This year’s Crop Over and Emancipation Day celebrations are already being hit by cuts, and Minister of Culture Stephen Lashley has warned that more may be on the horizon, even though he didn’t say by how much. However, he has given the assurance this would not result in any “watered down celebrations”.
Speaking this morning at a media conference to launch the Season Of Emancipation, Lashley did not give details about the cuts already determined or those that could come, but said the authorities would be more prudent in their spending.
“We have to become a more efficient country, and the Government has to lead in that respect. Today we are faced with new challenges, many of them labelled as fiscal challenges. The ability of the Government to continue along a path of seeking to develop Barbados while at the same time reminding Barbadians of the need to be more productive, and therefore [the] fiscal challenges that we face, requires us to be much more resilient and much more productive as a nation,” he told the media at his ministry’s Sky Mall, Haggatt Hall offices.
Lashley said the limitations provided the chance for people to be more productive.
“[It] is really an opportunity to remind us of the need to be innovative and to find new pathways to ensuring that our economy can rebound from the challenges that it faces now. Our economy is going through a complete restructuring, a complete overhaul. Things will never be the way that they were before.
“Therefore, those of us who are called to lead and who are very much part and parcel of the solution . . . all of us are called upon to look at Barbados through new eyes. Those new eyes have to be based on holding each other’s hands and resolving to approach our economic challenges by being more productive and being a bit more focused in creating solutions that are homegrown,” Lashley said as he spoke to the Social Identity-Renewal And Integrated Upliftment Strategy (SIRIUS) project which he believed was building those steps required to take Barbados from a consuming nation to a nation of innovators.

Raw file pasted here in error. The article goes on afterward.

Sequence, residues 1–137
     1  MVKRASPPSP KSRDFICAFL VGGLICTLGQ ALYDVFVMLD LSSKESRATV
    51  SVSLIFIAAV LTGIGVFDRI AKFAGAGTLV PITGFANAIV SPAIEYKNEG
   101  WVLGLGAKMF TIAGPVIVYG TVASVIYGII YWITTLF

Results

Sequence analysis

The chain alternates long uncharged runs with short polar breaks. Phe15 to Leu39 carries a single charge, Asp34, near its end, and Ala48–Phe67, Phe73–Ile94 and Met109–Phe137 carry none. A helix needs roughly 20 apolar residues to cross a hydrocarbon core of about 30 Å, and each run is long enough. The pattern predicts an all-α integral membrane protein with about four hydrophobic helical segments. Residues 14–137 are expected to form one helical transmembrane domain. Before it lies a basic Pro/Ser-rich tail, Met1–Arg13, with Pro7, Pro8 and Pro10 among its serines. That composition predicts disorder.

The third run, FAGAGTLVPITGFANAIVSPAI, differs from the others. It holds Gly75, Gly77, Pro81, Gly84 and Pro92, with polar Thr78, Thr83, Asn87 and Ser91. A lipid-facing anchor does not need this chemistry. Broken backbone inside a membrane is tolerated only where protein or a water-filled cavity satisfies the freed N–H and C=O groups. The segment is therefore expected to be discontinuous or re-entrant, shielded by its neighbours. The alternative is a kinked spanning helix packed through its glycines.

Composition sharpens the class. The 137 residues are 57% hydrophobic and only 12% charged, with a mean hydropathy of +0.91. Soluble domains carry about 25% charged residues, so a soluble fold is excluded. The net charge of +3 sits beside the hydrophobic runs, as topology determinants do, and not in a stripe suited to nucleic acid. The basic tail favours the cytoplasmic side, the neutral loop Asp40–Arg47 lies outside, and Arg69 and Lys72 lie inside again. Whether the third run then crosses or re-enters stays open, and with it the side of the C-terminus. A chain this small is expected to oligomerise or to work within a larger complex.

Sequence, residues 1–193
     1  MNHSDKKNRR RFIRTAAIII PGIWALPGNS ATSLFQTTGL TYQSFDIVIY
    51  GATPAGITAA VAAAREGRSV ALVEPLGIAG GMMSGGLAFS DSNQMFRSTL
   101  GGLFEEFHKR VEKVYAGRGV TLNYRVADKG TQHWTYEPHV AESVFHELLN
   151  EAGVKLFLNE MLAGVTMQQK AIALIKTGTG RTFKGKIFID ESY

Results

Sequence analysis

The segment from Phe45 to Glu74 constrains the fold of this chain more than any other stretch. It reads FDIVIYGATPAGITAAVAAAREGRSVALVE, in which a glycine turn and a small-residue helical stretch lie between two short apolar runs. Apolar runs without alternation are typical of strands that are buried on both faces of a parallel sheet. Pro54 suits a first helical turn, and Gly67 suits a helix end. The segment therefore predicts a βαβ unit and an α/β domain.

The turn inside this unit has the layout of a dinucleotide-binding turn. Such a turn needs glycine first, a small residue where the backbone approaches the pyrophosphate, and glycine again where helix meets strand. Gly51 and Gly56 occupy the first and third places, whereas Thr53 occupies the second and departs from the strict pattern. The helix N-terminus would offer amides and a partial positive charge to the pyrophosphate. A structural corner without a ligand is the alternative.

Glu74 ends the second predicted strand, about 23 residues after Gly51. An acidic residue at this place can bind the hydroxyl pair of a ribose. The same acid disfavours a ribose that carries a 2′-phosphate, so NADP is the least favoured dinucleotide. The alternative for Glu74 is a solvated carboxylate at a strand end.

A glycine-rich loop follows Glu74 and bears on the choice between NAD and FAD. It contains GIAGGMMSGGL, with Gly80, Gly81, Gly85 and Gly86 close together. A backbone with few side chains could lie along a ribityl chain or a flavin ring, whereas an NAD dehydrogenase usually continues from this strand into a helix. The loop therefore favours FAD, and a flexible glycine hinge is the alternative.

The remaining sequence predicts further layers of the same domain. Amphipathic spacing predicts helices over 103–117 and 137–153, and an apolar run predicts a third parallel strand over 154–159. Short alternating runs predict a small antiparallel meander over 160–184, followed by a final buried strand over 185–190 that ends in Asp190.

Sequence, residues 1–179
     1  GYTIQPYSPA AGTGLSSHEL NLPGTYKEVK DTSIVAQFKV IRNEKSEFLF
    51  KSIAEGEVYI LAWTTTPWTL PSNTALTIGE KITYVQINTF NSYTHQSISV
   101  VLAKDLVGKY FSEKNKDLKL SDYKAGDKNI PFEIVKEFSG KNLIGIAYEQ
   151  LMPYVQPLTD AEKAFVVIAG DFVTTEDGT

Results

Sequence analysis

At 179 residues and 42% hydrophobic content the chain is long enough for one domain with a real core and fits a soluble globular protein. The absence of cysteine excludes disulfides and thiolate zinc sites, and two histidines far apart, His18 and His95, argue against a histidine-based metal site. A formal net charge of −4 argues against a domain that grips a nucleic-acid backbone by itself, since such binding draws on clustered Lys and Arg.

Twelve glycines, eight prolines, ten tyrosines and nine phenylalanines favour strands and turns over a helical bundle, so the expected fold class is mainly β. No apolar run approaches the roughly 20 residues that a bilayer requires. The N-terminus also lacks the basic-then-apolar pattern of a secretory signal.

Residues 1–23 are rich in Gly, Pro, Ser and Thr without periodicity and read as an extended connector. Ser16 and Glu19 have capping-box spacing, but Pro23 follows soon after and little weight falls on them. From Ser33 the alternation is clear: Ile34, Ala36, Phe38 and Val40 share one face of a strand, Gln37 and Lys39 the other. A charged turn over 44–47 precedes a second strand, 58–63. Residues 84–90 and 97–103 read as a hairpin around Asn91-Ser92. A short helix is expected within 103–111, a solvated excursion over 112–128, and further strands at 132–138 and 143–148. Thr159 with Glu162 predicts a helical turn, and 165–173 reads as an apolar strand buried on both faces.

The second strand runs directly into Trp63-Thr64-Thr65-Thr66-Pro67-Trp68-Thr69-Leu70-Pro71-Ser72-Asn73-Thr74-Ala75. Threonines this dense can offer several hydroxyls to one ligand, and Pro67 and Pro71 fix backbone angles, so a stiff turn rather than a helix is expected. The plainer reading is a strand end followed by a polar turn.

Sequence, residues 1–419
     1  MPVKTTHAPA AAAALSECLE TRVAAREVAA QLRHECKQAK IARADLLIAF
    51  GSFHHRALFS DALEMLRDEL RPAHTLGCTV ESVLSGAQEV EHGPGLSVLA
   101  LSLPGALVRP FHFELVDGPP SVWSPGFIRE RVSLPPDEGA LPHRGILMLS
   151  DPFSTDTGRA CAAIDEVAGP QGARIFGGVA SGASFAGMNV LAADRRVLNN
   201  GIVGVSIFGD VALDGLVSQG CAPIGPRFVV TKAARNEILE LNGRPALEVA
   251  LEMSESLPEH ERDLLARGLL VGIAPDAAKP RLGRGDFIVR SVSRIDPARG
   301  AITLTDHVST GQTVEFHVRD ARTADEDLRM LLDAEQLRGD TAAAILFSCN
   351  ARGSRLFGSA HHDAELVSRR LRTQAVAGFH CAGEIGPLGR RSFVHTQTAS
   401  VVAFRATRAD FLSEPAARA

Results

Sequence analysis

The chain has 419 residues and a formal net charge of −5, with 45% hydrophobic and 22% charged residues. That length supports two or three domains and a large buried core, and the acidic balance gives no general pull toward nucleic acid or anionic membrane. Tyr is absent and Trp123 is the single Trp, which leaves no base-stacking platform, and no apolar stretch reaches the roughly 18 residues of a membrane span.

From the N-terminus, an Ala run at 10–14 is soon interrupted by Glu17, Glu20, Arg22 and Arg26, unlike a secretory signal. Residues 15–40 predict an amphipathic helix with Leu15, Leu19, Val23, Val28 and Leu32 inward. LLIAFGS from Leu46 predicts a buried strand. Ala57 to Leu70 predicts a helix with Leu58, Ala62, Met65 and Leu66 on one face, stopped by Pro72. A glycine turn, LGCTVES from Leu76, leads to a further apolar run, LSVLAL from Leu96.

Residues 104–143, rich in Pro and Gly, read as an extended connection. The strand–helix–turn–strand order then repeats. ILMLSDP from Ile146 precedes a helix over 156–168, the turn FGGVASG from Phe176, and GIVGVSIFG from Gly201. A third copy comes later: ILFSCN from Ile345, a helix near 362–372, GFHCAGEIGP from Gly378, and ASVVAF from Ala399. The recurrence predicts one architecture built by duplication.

“We now have to be craftsmen of our own fate, and that programme is an example of what I am talking about. We talk about the Season Of Emancipation, [but] I would want Barbadians to internalize the true meaning of freedom. Freedom which translates to self-determination requires that we have to find the answers for our own problems and our own challenges. Nobody else is going to find them, and I think we have been given a very rich heritage.
“Many of those freedom fighters who have fought and have fallen would have left to us a heritage and a tradition that should position us to find those solutions as a nation together, but we have to make that through our own efforts and not the efforts of others,” the minister added.
Among the events for the Season Of Emancipation are a public lecture by Dr David Browne on April 24, in the Members’ Dining Room at Parliament, four days before Heroes Day; Africa Day, formerly Africa Liberation Day, observed on May 25; Day Of National Significance on July 26, commemorated though the Crop Over Folk Concert at Frank Collymore Hall.
August 1 is Emancipation Day, the 176th year since the British Caribbean gained full legal emancipation. On August 17, the birthdate of Marcus Garvey, will be recognized. August 23 will see the recognition of International Day For The Remembrance Of The Slave Trade And Its Abolition.
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